In the recently decided case of Central States, Southeast and Southwest Areas Pension Fund v. Nagy (7th Cir. 2013), an individual was determined to be personally liable for approximately $3.6 million of withdrawal liability owed to a multiemployer pension plan by a contributing corporation owned by that same individual. The question of personal liability was dependent on whether the individual was engaged in unincorporated “trades or businesses.” Affiliated companies under common control, including unincorporated trades of businesses, are jointly and severally liable for the assessment of withdrawal liability. If the individual who owned the contributing corporation was found to be engaged in unincorporated trades or businesses, that could render the owner personally liable for the assessed withdrawal liability. In this case, the Court of Appeals for the Seventh Circuit found there were two unincorporated businesses that formed the basis for personal liability. First, the individual owned the property on which the contributing employer operated and leased that property back to the contributing employer. The court found the leasing activity to be an active trade or business rather than a passive investment. Second, the individual provided and was compensated for management services to a country club as an independent contractor and not as an employee. These two unincorporated business activities were sufficient to render the individual personally liable for the contributing employer’s withdrawal liability.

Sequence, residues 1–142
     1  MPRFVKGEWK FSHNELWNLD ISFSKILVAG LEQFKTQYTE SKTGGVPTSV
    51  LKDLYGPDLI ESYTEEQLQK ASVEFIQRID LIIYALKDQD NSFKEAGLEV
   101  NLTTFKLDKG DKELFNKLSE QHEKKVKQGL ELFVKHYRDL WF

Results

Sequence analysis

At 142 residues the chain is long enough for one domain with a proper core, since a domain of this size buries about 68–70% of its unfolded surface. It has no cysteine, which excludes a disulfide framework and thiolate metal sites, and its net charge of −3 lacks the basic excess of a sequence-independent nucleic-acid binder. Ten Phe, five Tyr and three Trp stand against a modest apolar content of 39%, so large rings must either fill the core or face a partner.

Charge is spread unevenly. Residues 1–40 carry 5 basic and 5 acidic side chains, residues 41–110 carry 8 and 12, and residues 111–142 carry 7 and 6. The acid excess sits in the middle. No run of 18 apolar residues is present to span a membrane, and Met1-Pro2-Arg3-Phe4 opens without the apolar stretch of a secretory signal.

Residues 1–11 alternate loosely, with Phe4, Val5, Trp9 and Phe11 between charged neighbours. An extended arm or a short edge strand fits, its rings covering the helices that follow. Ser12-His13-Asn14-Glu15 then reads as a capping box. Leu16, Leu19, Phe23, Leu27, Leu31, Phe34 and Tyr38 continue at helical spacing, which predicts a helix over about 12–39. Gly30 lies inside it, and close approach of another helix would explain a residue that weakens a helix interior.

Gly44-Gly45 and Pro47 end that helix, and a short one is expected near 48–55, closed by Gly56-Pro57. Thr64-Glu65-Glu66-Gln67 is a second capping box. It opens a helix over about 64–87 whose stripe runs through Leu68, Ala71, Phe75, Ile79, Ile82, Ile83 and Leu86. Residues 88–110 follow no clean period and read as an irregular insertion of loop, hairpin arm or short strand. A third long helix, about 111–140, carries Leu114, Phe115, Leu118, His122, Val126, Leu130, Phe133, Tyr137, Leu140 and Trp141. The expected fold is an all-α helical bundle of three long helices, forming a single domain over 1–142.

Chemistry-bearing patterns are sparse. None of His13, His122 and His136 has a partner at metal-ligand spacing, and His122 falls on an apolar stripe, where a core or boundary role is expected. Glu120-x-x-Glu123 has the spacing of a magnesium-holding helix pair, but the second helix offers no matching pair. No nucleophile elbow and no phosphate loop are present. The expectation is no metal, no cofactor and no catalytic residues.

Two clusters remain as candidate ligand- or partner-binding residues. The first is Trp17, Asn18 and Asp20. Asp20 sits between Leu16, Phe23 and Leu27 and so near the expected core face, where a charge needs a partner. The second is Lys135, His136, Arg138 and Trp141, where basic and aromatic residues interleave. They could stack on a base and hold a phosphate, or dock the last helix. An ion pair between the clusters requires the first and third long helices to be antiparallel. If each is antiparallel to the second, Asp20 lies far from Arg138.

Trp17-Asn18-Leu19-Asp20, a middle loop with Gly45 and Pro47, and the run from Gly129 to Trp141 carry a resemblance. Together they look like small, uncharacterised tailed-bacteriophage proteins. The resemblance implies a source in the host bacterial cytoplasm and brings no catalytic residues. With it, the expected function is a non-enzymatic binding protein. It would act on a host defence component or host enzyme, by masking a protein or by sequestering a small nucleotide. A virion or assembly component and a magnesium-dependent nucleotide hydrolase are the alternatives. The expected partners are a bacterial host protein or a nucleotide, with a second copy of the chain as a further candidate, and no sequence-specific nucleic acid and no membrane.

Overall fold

There was a similar outcome in the recent case of Sheet Metals Workers’ National Pension Fund v. Delaware Valley Sign Corp. (E.D. Va. 2013), where the court ruled that an individual who owned 100 percent of a corporation that contributed to a multiemployer pension plan was personally liable for more than $1.2 million of withdrawal liability. The individual owned the property that served as the principal place of business for the contributing employer and leased that property to the contributing employer. As in the Nagy case, the court ruled that the owner’s leasing activity qualified as a trade or business under common control that rendered the owner of contributing employer personally liable for withdrawal liability.

The results in both these cases serve as a reminder that individuals who own a business contributing to multiemployer pension plans and have other active businesses run a risk of personal liability if they are the sole proprietor or a general partner in those other businesses. Structuring those other business activities in a different form (corporation, limited liability company, etc.) may be helpful in averting risk of personal liability.